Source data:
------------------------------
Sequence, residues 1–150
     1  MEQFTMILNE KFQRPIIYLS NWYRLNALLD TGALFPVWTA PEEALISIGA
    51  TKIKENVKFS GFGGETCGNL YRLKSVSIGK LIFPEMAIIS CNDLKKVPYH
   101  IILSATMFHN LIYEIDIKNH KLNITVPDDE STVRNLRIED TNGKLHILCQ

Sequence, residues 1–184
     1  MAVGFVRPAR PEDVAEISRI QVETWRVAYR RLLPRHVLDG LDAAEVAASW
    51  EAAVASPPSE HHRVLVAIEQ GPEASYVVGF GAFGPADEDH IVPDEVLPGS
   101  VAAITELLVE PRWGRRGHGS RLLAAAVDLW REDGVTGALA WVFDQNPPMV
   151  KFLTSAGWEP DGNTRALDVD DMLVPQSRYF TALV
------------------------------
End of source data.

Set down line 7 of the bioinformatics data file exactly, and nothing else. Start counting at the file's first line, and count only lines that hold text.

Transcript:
    51  EAAVASPPSE HHRVLVAIEQ GPEASYVVGF GAFGPADEDH IVPDEVLPGS